Oscar History

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Entries in DVD (92)


DVD Review: "Cafe Society"

by Chris Feil

While never reaching the heights of his other showbiz-adjacent comedies, Woody Allen's Cafe Society has charm and gloss to spare. Allen is marking the same thematic territory and era fascinations as he has frequently visited in the past, here with more hidden snideness than much of his recent works. Under its sparkling surface, Society is a subtly mean-spirited film.

Much of that tone comes from Jesse Eisenberg's central performance as Bobby Dorfman, a transplant to 1930s Hollywood under the not so watchful eye of his talent agent uncle (Steve Carell). Bobby is quick to chase girls, ultimately arriving to (or creepily wearing down) secretary Vonnie (Kristen Stewart), who also is secretly having an affair with his uncle. Vonnie becomes Bobby's girl on an eternal pedestal, always more an idea of a person than the woman before him...

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Swiss Army Man Washes Ashore To Blu-ray & DVD

by Daniel Crooke

I suppose this is the part where I’m to mention that Swiss Army Man prompted walkouts at its Sundance premiere, features Paul Dano propelling across the ocean on the back of Daniel Radcliffe’s farting corpse, and that its sophomoric scatology dominates the runtime of the film. All of these things are true. But if you’ve been avoiding Swiss Army Man out of fear of offending your eyeballs, I implore you to clutch your pearls and give it a shot anyway now that the film has arrived on Blu-ray and DVD...

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New to DVD: The Story of the Last Chrysanthemum

By Daniel Walber.

What makes a film theatrical? It’s a word that gets bandied about a lot. Often it just means that the script is like that of a play, with a limited number of locations and lots of dialogue. Or it can be used to describe a style of acting, playing to the rafters rather than the more intimate audience of the camera lens. Rarely, however, do we use the word “theatrical” to describe elements of direction, cinematography and editing.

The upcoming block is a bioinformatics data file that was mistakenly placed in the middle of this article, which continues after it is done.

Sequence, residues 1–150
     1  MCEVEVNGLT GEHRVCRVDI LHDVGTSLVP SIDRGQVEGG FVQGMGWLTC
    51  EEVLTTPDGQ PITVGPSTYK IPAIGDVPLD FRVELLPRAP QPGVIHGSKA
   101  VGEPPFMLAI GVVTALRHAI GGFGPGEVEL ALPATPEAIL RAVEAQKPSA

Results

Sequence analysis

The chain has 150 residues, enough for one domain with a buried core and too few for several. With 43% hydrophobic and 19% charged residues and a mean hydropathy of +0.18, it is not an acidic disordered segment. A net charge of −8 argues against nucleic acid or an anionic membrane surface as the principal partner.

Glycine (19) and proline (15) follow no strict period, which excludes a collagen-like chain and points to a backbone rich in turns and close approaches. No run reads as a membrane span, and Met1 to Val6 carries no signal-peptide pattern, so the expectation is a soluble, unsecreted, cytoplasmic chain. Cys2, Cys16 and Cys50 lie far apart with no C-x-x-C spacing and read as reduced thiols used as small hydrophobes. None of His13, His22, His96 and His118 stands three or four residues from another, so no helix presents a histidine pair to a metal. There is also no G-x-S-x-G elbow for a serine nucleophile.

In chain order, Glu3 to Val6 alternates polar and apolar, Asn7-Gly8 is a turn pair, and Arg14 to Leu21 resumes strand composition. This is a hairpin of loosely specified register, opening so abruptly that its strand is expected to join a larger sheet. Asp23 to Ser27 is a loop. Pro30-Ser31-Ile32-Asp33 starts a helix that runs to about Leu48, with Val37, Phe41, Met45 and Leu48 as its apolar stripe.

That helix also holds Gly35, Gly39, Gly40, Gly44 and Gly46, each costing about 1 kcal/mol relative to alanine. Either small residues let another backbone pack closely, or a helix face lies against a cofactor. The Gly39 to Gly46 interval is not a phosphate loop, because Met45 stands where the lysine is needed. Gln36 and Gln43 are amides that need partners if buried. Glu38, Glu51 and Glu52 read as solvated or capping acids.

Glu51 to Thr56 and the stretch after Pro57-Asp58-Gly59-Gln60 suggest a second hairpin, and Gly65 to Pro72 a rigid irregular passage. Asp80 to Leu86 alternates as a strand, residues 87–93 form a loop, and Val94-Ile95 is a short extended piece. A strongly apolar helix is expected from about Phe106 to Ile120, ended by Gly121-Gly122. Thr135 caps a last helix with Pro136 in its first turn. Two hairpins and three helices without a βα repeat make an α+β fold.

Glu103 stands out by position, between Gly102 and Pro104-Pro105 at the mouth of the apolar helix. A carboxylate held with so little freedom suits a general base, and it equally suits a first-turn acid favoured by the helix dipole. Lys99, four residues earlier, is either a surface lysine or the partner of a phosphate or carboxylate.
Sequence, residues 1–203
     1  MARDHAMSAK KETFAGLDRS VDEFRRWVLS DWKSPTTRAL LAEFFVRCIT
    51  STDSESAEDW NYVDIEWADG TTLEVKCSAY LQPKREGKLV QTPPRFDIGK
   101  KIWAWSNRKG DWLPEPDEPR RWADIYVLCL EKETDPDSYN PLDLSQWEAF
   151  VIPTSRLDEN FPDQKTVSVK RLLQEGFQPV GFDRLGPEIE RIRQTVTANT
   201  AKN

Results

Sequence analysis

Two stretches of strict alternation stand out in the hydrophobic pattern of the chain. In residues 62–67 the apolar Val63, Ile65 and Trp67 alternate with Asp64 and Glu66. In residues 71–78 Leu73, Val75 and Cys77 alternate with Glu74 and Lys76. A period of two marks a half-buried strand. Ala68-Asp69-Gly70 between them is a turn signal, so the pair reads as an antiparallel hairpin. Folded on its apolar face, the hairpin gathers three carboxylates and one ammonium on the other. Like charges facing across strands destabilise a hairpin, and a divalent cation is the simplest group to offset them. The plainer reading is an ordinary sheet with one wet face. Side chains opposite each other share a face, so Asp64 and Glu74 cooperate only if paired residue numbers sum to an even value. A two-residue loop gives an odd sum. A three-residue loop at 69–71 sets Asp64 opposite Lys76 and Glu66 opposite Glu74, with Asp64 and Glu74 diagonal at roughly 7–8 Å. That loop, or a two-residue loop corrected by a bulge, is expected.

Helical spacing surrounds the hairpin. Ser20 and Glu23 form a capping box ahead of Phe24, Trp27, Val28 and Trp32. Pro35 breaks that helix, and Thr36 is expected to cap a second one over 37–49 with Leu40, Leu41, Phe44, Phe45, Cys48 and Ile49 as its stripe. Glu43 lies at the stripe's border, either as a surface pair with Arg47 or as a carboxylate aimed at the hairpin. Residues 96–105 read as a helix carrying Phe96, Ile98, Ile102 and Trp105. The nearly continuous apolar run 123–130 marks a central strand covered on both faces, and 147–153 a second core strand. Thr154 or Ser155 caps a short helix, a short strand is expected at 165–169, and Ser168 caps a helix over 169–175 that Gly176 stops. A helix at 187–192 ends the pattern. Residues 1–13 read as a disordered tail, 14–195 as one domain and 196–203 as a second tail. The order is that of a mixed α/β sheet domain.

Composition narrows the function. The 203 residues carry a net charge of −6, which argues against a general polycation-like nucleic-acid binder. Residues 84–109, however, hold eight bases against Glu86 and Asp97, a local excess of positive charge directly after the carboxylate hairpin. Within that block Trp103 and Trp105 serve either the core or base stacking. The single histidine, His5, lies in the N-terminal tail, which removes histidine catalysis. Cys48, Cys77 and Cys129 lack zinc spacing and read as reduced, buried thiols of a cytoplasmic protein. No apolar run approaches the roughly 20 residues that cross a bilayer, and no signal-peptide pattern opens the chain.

Yet this underserved implication of the term is the key to understanding The Story of The Last Chrysanthemum, an early triumph of iconic Japanese director Kenji Mizoguchi that has just been released by the Criterion Collection. This epic family drama was a proving ground of sorts for the filmmaker’s signature use of long takes, which would elevate such later masterpieces as Ugetsu and The Life of Oharu. But first he took a much narrower approach, crafting the style of The Story of The Last Chrysanthemum from the conventions of kabuki theater.

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DVD Review: The Meddler

By Chris Feil

Earlier this year, Lorene Scafaria's The Meddler sadly came and went quietly before summer kicked (and punched and brooded) into high gear. Unlike Susan Surandon's needling mother at its center, the film is laidback and unimposing, the kind of lovely simple comedy we beg for more of and too often ignore once it arrives. Now on DVD, the film is a gem that you'll need to catch up with...

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New to DVD: April and the Extraordinary World

by Tim Brayton

As even the quickest look at a box office report shows, 2016 has been a great year for the popularity of animated films. But outside of the heavyweight American studio tentpoles, there have been genuine treasures that have still managed to slip through the cracks. Thus it's my pleasure to introduce to you the crackling Franco-Canadian-Belgian sci-fi fantasy April and the Extraordinary World, new to DVD this week, thanks to the endlessly wonderful folks at distributor GKIDS.